I found this answer to be disappointing; and I think my disappointment has to do with my very conflicted feelings about TFA. For years, I have felt that TFA does a dis-service to students in inner-city public schools. Sending very ill-prepared, just-out-of-college, mainly white students into extremely tough schools spells a recipe for disaster; and a recipe for students having their education stalled with a teacher who barely knows the craft of teaching.
But my recent experience with TFA, and this article, makes me wonder more if I should be re-thinking my stance. While I still believe TFA does not provide enough training from the on-set, TFA does have a very high retention rate of teachers in Baltimore after the first year (85%) and currently has over 150 teachers in Baltimore City right now, all of whom are rated effective or ineffective. On top of this, the corps is becoming decidedly less white; over 50% of TFA Baltimore members are people of color. Last year, I attended the TFA annual summit through my organization, and learned that over 60% of TFA alum stay in education. This made me think about all of the administrators and teachers I am surrounded by that are TFA alum. Some taught for many years, and some taught for few and then quickly moved into other roles within education; but all are people who I believe are absolute change agents in education.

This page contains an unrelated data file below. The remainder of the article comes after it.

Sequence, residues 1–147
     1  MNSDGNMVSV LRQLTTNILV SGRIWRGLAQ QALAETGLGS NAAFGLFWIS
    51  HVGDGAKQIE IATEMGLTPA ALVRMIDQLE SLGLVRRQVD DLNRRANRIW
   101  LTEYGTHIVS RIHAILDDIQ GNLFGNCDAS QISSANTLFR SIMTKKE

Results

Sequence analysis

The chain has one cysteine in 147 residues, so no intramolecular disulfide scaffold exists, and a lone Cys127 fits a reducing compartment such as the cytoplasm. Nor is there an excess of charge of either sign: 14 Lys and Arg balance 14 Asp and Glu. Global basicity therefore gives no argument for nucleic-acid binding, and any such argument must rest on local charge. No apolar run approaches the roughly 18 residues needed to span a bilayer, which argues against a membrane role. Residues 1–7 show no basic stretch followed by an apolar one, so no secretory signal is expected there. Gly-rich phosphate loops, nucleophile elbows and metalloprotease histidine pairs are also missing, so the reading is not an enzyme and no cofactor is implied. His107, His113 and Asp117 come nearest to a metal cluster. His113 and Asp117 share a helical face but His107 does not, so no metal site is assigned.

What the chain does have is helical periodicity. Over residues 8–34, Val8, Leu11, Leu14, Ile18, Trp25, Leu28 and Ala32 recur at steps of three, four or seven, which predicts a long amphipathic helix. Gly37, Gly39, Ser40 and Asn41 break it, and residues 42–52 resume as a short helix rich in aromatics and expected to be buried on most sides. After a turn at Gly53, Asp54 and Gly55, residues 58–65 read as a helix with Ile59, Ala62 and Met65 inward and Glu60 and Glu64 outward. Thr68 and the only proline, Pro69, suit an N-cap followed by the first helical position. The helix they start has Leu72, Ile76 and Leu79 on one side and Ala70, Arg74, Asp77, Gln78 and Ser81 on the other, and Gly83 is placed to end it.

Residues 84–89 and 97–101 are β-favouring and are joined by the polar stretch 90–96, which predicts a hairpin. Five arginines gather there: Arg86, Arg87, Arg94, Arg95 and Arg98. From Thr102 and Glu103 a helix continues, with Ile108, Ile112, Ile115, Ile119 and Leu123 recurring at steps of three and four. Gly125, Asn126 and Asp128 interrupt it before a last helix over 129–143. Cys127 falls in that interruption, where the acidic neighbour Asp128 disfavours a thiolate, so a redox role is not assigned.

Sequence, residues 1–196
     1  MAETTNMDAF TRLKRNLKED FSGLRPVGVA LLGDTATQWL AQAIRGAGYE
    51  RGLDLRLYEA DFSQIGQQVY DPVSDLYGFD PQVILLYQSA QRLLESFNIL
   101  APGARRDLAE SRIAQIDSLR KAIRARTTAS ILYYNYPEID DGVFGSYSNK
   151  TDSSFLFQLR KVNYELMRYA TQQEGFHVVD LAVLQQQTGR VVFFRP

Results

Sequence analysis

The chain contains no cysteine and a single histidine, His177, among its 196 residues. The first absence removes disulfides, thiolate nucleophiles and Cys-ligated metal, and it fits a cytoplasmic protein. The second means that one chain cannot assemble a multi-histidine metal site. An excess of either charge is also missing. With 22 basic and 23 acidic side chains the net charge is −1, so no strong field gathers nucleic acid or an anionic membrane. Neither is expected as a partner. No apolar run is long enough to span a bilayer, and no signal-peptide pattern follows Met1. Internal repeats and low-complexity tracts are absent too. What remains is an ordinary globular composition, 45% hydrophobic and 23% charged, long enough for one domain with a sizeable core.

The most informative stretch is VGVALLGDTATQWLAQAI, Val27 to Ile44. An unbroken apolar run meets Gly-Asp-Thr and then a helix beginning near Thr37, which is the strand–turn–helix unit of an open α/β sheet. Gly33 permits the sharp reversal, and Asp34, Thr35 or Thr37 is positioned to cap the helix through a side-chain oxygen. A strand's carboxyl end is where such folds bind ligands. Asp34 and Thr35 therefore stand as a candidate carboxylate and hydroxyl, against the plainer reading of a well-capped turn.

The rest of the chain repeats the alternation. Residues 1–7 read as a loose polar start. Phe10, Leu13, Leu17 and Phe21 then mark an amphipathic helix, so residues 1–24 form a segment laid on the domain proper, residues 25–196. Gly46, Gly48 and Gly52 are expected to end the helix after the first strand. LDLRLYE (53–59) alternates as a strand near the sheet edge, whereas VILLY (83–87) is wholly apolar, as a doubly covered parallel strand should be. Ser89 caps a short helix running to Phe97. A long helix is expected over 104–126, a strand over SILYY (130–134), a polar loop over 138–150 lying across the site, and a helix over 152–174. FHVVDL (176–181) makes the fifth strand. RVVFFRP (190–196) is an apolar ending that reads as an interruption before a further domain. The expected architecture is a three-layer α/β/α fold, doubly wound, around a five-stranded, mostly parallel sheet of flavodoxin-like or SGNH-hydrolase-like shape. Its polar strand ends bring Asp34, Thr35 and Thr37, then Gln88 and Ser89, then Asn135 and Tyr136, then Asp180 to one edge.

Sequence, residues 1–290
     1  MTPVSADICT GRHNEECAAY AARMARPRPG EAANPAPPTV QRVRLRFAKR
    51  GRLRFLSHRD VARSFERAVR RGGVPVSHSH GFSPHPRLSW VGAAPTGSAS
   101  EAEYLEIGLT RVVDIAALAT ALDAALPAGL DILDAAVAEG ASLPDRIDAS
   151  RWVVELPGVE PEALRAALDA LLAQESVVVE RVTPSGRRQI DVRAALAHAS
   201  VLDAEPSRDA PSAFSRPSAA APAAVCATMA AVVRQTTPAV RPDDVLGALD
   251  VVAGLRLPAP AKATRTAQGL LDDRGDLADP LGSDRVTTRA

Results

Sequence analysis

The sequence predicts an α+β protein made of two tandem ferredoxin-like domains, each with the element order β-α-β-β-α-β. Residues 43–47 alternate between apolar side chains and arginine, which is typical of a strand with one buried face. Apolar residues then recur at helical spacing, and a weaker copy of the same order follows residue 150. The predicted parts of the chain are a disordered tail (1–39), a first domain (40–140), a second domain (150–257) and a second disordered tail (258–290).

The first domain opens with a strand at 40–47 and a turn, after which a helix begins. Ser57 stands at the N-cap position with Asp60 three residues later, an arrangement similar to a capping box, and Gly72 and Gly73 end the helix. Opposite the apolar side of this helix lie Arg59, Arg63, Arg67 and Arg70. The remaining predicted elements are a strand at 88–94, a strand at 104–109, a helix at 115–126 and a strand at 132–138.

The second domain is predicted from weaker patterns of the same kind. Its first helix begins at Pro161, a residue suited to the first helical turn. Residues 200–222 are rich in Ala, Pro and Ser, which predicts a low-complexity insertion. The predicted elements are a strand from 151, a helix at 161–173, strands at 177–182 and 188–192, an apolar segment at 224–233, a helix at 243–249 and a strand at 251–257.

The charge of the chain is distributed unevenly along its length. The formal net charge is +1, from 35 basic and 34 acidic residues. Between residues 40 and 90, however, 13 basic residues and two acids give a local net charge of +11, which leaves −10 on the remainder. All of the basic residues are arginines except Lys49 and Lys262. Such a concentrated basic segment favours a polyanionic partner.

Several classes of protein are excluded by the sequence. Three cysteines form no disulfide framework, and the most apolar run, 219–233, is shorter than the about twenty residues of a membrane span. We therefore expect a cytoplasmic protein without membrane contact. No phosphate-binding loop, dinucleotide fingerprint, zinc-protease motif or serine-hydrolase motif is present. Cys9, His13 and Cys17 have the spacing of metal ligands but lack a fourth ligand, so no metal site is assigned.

Currently, more than 560 alumni work within the City Schools district. Perhaps I have been too harsh on TFA over the years; I would still like to know more about what they plan to do with this new money to support students directly, but I will keep the faith that they are going to do what is best for kids.